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I didn't see an option to create a web site in the c++ area. Is there a way around this or am I just stuck with C# and VB.NET

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3 Answers 3

A bit of googling turned this up, not sure how applicable it still is: http://www.codeproject.com/KB/mcpp/helloworldmc.aspx

However, I'd question WHY you'd want to use C++.NET over C#, given that the languages are fairly similar at the basic level. Any perceived "speedups" would probably not be very noticable given that they both compile to the same IL, and as such are both subject to the JIT-compiler.

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Minor nitpick: it's not actually an interpreter. The JIT-compiler generates real native code on the fly. –  R. Martinho Fernandes Dec 18 '09 at 5:37
1  
You are correct. I was mixing the alternate CLR implementations (micro, in particular, as well as Mono's) with the "standard one," which DO interpret occasionally. My fault, fixed. –  Daniel Bruce Dec 18 '09 at 6:09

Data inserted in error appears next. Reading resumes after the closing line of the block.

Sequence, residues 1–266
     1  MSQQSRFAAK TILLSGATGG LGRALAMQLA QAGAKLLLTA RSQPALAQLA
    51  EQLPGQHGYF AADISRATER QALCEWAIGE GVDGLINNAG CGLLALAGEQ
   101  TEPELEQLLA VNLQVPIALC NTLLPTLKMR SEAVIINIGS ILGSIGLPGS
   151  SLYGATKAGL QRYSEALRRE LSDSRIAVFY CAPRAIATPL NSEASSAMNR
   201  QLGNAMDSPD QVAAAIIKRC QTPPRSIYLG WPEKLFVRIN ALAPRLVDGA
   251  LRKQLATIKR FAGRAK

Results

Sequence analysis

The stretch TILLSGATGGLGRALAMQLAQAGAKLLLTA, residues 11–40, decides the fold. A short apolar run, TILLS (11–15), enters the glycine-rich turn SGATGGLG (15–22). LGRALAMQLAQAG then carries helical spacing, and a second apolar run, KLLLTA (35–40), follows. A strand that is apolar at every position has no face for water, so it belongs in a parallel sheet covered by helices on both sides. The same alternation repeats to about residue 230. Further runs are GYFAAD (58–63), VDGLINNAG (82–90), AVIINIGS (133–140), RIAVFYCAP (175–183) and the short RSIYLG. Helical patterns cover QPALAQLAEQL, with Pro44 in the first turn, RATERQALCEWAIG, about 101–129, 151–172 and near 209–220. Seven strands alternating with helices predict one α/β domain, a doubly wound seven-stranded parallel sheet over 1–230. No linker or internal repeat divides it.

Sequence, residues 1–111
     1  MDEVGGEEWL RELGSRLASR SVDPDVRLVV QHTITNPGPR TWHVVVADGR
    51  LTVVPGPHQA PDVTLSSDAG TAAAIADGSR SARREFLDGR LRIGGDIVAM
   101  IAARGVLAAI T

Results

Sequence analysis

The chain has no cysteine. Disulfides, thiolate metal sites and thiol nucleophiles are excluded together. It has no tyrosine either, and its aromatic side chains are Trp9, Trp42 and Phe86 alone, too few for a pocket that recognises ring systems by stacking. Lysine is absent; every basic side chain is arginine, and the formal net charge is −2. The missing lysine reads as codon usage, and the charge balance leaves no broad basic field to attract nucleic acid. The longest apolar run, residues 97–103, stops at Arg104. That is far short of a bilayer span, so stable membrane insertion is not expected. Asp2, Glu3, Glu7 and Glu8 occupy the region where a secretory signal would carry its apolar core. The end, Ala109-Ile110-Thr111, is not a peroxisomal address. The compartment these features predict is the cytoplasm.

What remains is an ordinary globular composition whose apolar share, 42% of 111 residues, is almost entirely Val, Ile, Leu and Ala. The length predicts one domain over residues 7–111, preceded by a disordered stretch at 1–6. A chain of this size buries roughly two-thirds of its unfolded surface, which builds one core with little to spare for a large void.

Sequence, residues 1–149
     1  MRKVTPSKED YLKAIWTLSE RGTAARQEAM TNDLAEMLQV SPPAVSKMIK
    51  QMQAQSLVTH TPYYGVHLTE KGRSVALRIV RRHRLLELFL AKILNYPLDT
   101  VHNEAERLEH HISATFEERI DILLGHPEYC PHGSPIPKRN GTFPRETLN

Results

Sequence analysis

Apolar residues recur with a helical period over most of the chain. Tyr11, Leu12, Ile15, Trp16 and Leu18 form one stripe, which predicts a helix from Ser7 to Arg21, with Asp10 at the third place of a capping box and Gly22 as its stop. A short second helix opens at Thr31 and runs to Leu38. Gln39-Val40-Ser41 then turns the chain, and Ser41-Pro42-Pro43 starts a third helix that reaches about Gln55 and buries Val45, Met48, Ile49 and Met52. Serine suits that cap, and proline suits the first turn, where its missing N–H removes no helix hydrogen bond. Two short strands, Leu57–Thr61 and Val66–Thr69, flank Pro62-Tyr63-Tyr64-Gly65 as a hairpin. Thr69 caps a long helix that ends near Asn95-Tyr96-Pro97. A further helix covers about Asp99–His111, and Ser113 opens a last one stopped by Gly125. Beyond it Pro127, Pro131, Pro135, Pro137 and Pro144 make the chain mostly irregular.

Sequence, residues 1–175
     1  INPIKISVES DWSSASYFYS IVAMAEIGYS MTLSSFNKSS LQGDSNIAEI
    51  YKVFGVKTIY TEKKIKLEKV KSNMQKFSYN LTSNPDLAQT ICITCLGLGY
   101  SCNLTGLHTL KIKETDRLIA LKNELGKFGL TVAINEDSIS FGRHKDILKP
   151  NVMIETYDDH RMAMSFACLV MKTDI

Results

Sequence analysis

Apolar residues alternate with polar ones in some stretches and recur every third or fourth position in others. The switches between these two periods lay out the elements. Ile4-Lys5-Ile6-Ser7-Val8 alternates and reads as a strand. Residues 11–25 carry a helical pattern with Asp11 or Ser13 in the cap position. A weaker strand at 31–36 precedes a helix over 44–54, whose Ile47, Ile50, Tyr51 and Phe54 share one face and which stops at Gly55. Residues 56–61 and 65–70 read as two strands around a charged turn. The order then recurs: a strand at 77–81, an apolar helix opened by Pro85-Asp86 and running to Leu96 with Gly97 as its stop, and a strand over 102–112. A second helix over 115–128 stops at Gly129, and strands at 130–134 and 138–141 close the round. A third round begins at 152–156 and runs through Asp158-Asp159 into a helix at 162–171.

You can probably make your website work using C++/CLI. There is no tight coupling between a .NET page (aspx or ascx) and the language of implementation. You might even get the intellisense from within the aspx/ascx files but don't quote me on that.

So to set this up you would need to create a C++/CLI project and use managed C++ to extend Page, Control, etc classes, use HttpContext etc.

Another question is whether or not there is any point doing that. You would still be targeting .NET and calling to the same API. There won't be much performance benefit if at all and you will lose the IDE support for creating controls and you wouldn't be able to use WebForms from the designer.

Edit. If you haven't done ASP.NET before you will almost definitely be firing up a normal ASP.NET project and seeing how to implement something, which classes to extend etc. So it kind of defeats the idea of using another language.

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You can, in theory, use any .NET language to build ASP.NET pages. F#, for example, is fully supported in VS 2010. Whether all languages are fully supported in the tools is another question -- particularly for a language like J# that has been deprecated beyond VS 2005 and doesn't support the full depth of features of the other languages (such as the ability to create new attributes).

At a minimum, you will need to do things like define an appropriate build provider to get things going.

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